Any child can answer a simple closed question. What do dogs do? Bark. What do bees do? Sting. Well, hopefully not, we say, and then we perhaps ponder the potential for a family viewing of a harrowing epic documentary about beekeepers in Macedonia. It’s called Honeyland, and it depicts a family where members of all ages are expected to help in the subsistence economy of a beehive business (Ljuma, online). Our AU labours, however, are not privy to wee tot helpers. As we write and research and absorb rafts of material piled higher and deeper, amidst books and papers stacked like pedantic beehives, we are at once alone and connected to our fellow pupils. Above all, though, we must, to succeed, be connected with our self. And our studies require adult thoughts. Or do they?
Maybe we overthink this whole education thing, and that’s where we get stymied. For instance, my day job is in reforestation ecology. I bushwhack through woodlands like they were the darkest corners of an online library. Occasionally in a dense thicket of second-generation pine tree seedlings, now sprung up to twice my height, a snowshoe hare will leap into my consciousness. What do rabbits do? They leap! Simple definitions give way to complexity. Lepus americanus is one species here in Southern BC; the prairies are more Jack Rabbit country. But ontology and meaning are often secondary to pure awareness. AU isn’t about facts and trivia; it’s about combining knowledge and making it purposeful. Rabbit holes of awareness arise from being open to new inputs. So, after an attentive leap—as though I’d startled her, the rabbit shortly paused a timeless momentary pause and its ears became still and I saw their translucence reflected in the dawn sunlight.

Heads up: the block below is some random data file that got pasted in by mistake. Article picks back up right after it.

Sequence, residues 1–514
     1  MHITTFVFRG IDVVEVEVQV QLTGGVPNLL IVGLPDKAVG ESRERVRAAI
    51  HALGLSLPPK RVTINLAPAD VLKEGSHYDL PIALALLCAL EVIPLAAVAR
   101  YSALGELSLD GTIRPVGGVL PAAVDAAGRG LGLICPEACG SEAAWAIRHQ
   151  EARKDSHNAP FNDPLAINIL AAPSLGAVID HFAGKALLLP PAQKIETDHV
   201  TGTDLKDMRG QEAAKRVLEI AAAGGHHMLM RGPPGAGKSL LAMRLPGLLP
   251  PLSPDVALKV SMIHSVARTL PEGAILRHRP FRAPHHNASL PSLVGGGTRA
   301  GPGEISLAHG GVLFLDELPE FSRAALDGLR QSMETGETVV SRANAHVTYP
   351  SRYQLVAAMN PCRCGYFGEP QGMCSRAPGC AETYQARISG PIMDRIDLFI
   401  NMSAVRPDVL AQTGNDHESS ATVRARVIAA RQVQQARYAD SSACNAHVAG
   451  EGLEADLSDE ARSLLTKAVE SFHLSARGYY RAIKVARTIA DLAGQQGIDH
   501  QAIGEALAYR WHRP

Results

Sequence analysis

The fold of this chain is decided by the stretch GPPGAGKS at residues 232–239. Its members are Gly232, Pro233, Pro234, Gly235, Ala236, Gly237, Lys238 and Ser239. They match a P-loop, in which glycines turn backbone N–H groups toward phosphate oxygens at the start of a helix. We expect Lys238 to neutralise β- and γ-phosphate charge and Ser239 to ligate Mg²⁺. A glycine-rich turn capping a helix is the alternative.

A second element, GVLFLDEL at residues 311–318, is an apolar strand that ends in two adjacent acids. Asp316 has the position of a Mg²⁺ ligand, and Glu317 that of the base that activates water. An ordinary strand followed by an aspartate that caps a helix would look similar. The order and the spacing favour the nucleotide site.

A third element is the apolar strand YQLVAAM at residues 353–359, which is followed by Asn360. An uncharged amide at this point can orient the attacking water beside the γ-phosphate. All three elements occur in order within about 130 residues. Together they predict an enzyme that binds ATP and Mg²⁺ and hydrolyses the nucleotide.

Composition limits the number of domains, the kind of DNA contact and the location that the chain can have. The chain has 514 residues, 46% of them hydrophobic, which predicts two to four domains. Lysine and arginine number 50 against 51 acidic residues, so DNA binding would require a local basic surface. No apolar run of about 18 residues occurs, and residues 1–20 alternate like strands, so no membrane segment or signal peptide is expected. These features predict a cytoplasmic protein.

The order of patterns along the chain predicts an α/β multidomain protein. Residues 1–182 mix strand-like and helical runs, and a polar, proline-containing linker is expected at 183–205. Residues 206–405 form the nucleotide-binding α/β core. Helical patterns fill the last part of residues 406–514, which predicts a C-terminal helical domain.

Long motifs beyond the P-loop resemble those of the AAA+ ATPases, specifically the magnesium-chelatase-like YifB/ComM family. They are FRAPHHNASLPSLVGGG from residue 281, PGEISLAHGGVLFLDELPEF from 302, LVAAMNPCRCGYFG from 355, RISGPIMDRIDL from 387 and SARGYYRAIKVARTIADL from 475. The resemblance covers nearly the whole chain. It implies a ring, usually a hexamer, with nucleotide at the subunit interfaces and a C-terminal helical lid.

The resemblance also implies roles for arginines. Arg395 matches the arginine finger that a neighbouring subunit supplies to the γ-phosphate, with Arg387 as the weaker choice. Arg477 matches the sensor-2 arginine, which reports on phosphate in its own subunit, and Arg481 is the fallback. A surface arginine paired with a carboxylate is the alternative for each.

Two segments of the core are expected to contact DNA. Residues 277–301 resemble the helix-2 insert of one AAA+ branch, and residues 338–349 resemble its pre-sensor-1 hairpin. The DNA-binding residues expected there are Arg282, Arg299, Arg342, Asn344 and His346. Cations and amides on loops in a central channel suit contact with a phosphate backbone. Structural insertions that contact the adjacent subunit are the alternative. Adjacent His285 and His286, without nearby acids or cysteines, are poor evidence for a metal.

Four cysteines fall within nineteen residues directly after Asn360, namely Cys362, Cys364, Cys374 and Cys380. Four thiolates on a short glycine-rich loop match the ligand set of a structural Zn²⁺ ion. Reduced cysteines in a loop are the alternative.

What was the rabbit thinking? Who’s to say. Even if we knew its thoughts would we really know, you know? (For more on that, check out Thomas Nagel’s essay What Is It Like Being a Bat?’ (Nagel, online.) Education teaches us to be open to what we don’t know, and even to what is unknowable. Strictures of certainty give way like a Tim Hortons drive thru lineup when a flock of Canada geese waddle amidst the tail pipes. Yet I knew what I was thinking: here’s another moment tough to capture in the written word, let alone in a textbook or university course! Yet, maybe I’d never have felt this moment in the same way without recourse to philosophic reasoning acquired at AU.
Getting a Reading on Our Selves in our Course Readings
We can only know how we feel and what we think in terms of other moments and other versions of ourselves. It’s a lot of navel-gazing, perhaps, but it’s part of the examined life. Henry Miller summarized how so much in life is lost when we quantify or measure it:
“No matter how active, the barometer can only register boredom” (Miller, 144). Register the world we must, though, and if we’re social science or business or arts students our ability to combine the personal with the pedagogical is the stuff of good grades. There’s no learning without recapitulating what we’ve absorbed. Ontology follows phylogeny, if we materialize into imagination our thoughts as brain tendrils growing out from hitherto barren terrain.
Miller follows up his trite insight by claiming that “everything is borrowed, everything is vicarious. He is no longer an actor but an agent, or a re-agent. In the world of the imagination he had boundless freedom; in the creature world he has empty power, empty possessions” (144) When our time concludes at AU we shall have little tangible evidence of the grand edifice we’ve erected within ourselves. A bunny leaping may impart no more sense than before but perhaps we’ll know what our momentary bliss is here for.